Winter is the best time to see the Northern Lights in Iceland because it stays dark for so long. That being said, we want to warn you in advance that there is no guarantee you will see the Northern Lights in Iceland. Perhaps it will be cloudy every night of your trip or it may rain or the Northern Lights may simply not be very strong on the days you are traveling to Iceland.
If you are hoping to spot the Northern Lights in Iceland, you are going to need to have a car and be in a dark area on a clear night that the Aurora is forecasted to be strong. Even if you are staying in Reykjavik, you can drive less than 25 minutes outside of the city and be in enough darkness to see the Northern Lights on a lovely Iceland winter night. Alternatively, if you don’t want to drive or find a specific spot, you can take a Northern Lights tour. There are so many different kinds to fit every budget and need!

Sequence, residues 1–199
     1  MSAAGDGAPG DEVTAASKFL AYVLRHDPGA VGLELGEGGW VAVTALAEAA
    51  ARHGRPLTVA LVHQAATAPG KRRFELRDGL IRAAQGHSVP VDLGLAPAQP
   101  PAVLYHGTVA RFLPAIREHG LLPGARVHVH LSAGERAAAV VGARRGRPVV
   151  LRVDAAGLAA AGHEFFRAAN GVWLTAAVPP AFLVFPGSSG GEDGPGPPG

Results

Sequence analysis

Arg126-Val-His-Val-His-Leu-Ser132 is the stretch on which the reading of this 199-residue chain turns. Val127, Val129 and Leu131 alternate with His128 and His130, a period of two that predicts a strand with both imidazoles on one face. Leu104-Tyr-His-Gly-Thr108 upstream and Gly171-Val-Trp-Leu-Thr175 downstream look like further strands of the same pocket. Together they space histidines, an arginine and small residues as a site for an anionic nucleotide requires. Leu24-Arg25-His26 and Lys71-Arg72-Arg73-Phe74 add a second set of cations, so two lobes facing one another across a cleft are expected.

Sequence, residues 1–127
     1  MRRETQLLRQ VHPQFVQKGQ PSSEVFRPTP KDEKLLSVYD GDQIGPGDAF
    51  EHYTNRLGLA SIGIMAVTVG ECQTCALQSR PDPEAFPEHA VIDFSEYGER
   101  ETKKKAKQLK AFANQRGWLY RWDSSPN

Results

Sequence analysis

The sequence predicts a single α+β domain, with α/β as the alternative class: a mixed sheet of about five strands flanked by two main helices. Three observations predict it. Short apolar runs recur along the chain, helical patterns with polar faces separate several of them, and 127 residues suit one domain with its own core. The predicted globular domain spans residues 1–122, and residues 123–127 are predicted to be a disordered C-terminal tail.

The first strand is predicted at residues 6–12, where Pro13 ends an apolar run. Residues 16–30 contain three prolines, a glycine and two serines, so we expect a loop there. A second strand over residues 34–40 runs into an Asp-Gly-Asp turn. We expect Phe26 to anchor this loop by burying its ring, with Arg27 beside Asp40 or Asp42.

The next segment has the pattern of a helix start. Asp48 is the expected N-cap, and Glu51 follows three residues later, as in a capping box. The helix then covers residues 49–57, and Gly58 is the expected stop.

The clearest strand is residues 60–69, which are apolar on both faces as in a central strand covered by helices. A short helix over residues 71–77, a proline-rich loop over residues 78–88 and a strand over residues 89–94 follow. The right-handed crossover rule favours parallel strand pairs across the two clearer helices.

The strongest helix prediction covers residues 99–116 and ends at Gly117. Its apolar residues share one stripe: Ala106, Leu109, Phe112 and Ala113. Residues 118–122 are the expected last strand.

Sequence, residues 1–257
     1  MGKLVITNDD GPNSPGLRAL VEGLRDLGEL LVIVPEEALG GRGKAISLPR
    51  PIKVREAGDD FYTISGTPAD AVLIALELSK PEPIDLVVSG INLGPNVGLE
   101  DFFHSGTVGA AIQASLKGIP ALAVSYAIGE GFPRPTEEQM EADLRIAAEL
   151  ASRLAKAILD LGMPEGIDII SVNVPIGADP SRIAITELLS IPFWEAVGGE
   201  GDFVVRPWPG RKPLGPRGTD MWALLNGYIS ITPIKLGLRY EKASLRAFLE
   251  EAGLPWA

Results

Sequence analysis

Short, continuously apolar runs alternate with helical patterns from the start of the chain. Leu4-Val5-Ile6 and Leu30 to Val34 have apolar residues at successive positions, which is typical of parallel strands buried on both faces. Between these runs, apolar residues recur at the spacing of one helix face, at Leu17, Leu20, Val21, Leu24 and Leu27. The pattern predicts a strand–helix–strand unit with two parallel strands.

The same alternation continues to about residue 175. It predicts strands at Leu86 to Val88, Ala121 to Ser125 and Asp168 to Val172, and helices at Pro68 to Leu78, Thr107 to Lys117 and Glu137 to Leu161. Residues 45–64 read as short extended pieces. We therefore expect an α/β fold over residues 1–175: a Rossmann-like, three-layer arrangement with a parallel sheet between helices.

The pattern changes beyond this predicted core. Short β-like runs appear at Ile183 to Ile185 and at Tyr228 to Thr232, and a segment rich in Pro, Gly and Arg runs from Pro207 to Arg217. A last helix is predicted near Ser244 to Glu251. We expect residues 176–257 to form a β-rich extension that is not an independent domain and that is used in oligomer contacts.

Winter in Iceland is your best chance at seeing the Northern Lights so there is certainly a high possibility and we don’t want to scare you away from heading to the country during the off-season. We simply urge you to go into your winter trip to Iceland with an open mind regarding possible Northern Lights sightings.
#4. Not All Roads Will Be Open During Winter In Iceland And That Won’t Impact Your Trip
If you are dreaming of taking an epic Iceland road trip, you can still do so during the winter with no problem! Our Iceland road trip itinerary was the exact drive we did in Iceland in February and in November and the same route many other readers have followed as well.
Certain roads such as F Roads and H Roads will be closed and off limits during winter in Iceland. As a result, you do not have to spend more money to get a 4×4 car as a 2 wheel drive car will handle the roads during an Iceland winter just fine.
The Ring Road in Iceland is the main highway that circumnavigates the entire island. It is always open during winter unless otherwise specified [check online!] but it is a good idea to stay away from north Iceland during winter if the weather is forecasted to be too bad. This Iceland road trip itinerary covers a lot of fantastic sites and can be done during winter in Iceland.